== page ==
One of the areas of photography that I enjoy is product photography. One of the reasons is that there is always the challenge of making the product you’re shooting look even better than it is.
As part of building my portfolio, I set myself some challenges along those lines, one of which I present to you here.
My goal with this shoot was to make these $4 sunglasses look like an expensive pair. When you look at advertising of high-end sunglasses with those high-end lens coatings, you always get this warm glow from the lenses; of course, silver mirror-lenses get a completely different treatment.
When shooting reflective surfaces, the photographer’s first worry is to control what is reflected in the surface, as you want to control what is visible in the image. In this case, I allowed the one softbox to reflect, but managed to keep everything else in my studio out of the reflections.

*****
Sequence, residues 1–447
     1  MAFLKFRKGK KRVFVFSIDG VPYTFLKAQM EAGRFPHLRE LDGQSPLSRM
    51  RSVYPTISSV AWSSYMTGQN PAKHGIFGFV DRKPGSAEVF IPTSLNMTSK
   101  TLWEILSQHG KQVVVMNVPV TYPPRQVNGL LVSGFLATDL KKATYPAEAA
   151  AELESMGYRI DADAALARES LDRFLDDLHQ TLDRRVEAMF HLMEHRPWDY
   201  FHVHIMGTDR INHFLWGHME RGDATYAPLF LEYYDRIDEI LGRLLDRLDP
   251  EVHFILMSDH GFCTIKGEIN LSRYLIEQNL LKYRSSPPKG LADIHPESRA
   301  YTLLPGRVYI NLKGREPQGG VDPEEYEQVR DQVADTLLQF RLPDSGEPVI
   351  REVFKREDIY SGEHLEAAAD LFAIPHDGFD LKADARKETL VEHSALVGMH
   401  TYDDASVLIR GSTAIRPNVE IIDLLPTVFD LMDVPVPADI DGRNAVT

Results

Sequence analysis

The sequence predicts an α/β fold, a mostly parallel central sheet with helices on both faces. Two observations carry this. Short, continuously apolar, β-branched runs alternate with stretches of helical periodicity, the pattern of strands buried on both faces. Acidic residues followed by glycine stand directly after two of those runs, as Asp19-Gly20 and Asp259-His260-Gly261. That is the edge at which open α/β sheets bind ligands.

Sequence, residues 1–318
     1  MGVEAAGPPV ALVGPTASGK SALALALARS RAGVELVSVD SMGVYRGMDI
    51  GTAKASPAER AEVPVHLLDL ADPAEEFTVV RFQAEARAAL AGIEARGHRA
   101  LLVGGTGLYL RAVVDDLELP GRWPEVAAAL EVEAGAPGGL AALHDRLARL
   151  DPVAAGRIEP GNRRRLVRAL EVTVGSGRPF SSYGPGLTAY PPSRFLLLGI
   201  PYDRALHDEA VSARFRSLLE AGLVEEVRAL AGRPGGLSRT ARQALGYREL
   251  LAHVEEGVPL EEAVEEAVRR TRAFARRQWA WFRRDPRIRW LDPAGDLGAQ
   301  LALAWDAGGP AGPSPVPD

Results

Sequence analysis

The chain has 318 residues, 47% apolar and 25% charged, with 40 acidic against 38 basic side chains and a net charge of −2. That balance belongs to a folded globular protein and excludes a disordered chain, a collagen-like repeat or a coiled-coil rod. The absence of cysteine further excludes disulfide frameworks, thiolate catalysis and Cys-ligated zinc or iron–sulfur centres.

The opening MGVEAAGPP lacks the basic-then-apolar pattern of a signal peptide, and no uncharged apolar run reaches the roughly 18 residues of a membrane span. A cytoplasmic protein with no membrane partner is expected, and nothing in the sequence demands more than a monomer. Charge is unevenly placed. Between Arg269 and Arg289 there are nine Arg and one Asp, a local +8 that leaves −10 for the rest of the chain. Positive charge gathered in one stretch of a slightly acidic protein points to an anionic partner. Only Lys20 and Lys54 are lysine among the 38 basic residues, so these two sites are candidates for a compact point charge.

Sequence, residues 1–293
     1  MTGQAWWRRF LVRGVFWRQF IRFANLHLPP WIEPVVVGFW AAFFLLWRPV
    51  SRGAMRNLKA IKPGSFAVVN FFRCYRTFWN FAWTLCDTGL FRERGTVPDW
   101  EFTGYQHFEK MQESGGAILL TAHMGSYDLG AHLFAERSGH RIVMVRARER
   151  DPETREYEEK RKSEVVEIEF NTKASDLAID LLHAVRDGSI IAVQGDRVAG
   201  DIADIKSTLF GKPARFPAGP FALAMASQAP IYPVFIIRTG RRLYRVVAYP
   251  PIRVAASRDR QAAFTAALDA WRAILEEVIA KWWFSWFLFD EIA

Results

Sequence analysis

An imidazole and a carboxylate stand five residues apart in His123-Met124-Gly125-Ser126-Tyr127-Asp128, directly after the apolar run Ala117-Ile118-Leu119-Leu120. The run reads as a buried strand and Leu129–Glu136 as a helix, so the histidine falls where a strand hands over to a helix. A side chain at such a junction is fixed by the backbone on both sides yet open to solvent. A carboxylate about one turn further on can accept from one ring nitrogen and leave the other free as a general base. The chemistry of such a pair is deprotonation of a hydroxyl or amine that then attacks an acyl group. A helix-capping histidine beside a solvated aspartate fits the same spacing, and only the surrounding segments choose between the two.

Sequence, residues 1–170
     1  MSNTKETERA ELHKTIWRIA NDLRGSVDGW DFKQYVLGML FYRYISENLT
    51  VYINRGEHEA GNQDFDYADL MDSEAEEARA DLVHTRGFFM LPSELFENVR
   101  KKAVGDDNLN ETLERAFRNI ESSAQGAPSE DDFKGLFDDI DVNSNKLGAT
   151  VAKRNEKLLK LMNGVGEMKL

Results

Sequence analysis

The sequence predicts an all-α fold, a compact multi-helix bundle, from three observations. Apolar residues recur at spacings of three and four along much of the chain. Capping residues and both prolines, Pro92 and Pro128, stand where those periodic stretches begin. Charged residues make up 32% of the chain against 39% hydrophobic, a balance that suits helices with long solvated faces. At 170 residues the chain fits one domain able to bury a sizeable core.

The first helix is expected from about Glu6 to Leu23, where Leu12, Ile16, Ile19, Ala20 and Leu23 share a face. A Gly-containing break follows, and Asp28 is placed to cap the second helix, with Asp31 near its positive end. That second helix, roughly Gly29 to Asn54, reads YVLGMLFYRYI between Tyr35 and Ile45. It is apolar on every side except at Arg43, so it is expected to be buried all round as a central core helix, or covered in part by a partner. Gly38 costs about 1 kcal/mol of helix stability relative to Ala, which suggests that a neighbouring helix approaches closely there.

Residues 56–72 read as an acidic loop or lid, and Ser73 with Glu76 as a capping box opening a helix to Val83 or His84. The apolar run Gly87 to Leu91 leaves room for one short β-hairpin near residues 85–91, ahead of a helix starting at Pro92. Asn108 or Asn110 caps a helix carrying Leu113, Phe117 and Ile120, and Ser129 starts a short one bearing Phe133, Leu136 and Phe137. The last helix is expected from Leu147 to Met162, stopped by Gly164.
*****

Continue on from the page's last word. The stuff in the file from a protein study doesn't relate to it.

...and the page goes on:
The second tricky part in capturing image is the black. One might think that black is pretty straightforward; if you try to create a black background in camera while lighting your subject, any light spillage results in losing that perfect black. Of course, it can be fixed in post-processing, but it never has that same look that you get from shooting it properly. Judicious utilization of gobos (go between objects), can ensure that no light spills on your precious background.
Note that I added a little bit of light toward the end of the temples, so that they don’t disappear and to add a bit of visual interest.
How much post-processing was done? Very little, as I only had to remove the very thin, non-reflective thread that supported the temples and a smidgen of sharpening.
Oh, and of course, you want to know how much did these sunglasses cost: about $4 at Wal-Mart.
Hope you enjoyed this little tour of a product shot.